That’s a tough question. I’m perfectly content where I am right now. Anytime in my life when I’ve wished to have someone else’s life, I’ve always discovered one cliche to be false. The grass is never greener on the other side.

I said I’d get back to the twenty bloggers thing. I decided to do what Staci did. I’m going to nominate five bloggers who I believe exemplify writing posts that qualify for their honesty and bravery in writing about tough issues. All of them are fellow writers who produce some excellent work through their blogs. Please check them out and don’t forget to go to Staci’s blog. She’s from my newly adopted home of Pittsburgh, but she’s relocated away from her home her in the Steel City. I hope she comes home one day so we can meet in person.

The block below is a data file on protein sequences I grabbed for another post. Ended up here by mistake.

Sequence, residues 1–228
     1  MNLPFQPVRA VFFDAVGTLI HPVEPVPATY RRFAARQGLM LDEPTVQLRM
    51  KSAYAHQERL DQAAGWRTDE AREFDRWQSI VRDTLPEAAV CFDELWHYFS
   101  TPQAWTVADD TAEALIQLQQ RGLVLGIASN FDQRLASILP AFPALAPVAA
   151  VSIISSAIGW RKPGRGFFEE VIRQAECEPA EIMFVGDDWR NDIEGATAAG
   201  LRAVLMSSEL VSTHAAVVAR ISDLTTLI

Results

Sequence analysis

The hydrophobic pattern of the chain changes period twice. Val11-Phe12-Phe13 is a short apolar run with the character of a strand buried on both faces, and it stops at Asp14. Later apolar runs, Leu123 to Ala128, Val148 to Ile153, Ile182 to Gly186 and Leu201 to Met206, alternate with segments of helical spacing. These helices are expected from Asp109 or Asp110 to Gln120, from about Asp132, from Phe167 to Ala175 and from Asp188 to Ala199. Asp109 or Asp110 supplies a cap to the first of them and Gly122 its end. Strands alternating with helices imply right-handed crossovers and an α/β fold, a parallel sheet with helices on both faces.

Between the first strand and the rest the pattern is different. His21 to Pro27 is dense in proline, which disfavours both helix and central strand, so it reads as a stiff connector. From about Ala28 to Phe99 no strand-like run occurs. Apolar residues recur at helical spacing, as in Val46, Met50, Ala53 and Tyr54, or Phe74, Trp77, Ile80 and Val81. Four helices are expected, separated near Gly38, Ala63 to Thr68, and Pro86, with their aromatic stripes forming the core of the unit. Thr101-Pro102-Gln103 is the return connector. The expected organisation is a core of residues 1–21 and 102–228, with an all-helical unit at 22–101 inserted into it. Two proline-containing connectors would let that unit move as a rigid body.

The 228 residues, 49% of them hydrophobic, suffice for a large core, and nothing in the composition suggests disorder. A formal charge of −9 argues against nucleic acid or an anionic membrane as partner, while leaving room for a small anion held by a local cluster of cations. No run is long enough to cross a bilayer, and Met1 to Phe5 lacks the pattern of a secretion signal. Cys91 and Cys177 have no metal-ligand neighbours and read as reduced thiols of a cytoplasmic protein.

Please be sure to visit the sites all my five nominees as well. Drum roll, please. Here are my nominations:

Descent into Slushland – http://descentintoslushland.wordpress.com/

The Wrought Writer – http://thewroughtwriter.wordpress.com/

Lit and Scribbles with Jae – http://litandscribbles.wordpress.com/

Shannon Thompson – http://shannonathompson.com/

lifeintheblueridges – http://lifeintheblueridges.wordpress.com/

There are many more I could nominate, and if I’m ever nominated for an award again, I’ll add to the list. Nominees: If you choose to accept, here’s what you’re supposed to do:

  • Visit and thank the blogger who nominated you
  • Acknowledge that blogger on your blog and link back to them
  • Answer the five questions presented
  • Nominate up to twenty (I did five) blogs for the award and notify them on their blogs
  • Copy and paste the award badge from my post or sidebar on your blog somewhere

That’s it. Enjoy!